Better HIV treatment for infants and young children

Beatrice gives her son, Peace Comfort, 21 months old, his medication at their home in Nairobi, Kenya (Image: Mariella Furrer/DNDi)

Developing HIV treatments that are properly dosed, more palatable and better adapted to children’s needs.

Challenges

Only 49 percent of children living with HIV received antiretroviral therapy (ART) in 2015.
(Reference: UNAIDS, Prevention Gap Report Geneva, Switzerland, 2016)
Existing paediatric HIV drugs taste bad, are difficult to administer, require refrigeration, and are unsuitable for children suffering from both HIV and tuberculosis.

Solutions

Unitaid and DNDi launched this project to replace existing paediatric HIV formulations with treatments that are properly dosed, more palatable, easy to store, and better adapted to children’s needs.
The project will promote in-country adoption of the new drugs to create and sustain demand for them. It aims to ensure that these easy-to-use formulations are affordable and can be rapidly introduced throughout high-burden HIV countries.

Progress so far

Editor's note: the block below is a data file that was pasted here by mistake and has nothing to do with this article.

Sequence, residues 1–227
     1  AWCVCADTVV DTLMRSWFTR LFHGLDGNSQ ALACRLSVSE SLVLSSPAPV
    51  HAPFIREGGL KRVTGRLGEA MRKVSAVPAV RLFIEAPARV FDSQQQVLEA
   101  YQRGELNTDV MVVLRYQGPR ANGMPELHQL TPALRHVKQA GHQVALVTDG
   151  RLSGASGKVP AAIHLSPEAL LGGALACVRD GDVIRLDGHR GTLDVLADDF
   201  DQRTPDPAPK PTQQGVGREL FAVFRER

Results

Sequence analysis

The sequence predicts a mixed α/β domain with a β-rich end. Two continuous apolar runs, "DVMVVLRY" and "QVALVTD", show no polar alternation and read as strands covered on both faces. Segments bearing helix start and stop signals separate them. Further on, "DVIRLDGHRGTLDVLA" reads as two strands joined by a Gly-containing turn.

In 2015, DNDi’s paediatric team identified promising lopinavir/ritonavir (LPV/r) formulations for further development. The optimal 4-in-1 fixed-dose combinations of paediatric treatments could be available by the end of 2018.
As of June 2016, 126 children had been enrolled in an implementation study for an improved oral pellet formulation of the WHO-recommended treatment, an important step towards introducing the taste-masked 4-in-1 formulations.

The impact we are seeking

The project aims to increase access to optimal ART for children under three years of age, which is expected to improve coverage and adherence, and eventually to reduce child mortality.



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